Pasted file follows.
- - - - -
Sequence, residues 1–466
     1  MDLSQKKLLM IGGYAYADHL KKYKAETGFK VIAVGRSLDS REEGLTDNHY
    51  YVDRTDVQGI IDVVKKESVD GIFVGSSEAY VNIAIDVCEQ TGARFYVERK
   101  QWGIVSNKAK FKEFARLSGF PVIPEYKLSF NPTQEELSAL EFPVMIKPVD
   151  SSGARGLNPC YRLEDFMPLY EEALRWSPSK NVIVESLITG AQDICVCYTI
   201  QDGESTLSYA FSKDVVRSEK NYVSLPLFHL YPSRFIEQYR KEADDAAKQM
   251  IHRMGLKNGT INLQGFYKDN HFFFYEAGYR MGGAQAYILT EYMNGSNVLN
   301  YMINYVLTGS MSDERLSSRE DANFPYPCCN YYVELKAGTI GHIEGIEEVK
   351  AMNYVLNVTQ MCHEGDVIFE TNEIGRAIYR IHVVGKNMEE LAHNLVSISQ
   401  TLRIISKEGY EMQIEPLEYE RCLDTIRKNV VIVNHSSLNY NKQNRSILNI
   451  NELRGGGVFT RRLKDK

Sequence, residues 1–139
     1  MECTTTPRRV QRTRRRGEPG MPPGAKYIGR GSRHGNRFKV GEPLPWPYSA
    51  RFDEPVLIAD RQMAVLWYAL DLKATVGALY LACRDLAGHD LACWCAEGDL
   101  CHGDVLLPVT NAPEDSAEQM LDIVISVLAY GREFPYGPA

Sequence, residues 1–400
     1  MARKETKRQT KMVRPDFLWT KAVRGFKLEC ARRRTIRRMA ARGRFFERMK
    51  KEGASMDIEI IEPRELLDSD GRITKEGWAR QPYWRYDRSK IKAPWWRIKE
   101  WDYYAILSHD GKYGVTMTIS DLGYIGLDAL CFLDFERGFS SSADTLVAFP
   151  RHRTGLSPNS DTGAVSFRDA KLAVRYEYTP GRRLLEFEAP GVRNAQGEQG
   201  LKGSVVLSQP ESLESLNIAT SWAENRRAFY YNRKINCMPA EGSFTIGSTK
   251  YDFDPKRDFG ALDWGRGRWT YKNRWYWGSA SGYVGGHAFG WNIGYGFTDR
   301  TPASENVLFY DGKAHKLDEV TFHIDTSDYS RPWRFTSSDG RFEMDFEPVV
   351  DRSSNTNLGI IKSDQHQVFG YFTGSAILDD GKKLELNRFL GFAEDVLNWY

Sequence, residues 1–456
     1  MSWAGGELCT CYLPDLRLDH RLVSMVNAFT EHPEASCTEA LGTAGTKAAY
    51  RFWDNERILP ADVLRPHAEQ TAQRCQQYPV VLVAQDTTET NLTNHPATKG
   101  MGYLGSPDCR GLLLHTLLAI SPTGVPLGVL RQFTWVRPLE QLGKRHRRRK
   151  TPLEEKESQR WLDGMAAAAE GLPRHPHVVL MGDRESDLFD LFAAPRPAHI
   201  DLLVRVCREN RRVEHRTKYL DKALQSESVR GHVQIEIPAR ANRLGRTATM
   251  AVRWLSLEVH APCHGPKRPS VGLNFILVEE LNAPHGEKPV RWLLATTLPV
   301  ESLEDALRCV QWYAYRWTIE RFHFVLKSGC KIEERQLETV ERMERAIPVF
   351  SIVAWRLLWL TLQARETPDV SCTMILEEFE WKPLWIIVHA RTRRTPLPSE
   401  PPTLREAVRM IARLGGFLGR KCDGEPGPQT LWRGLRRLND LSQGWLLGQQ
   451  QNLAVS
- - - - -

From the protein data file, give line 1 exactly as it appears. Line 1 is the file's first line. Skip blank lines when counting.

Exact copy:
Sequence, residues 1–466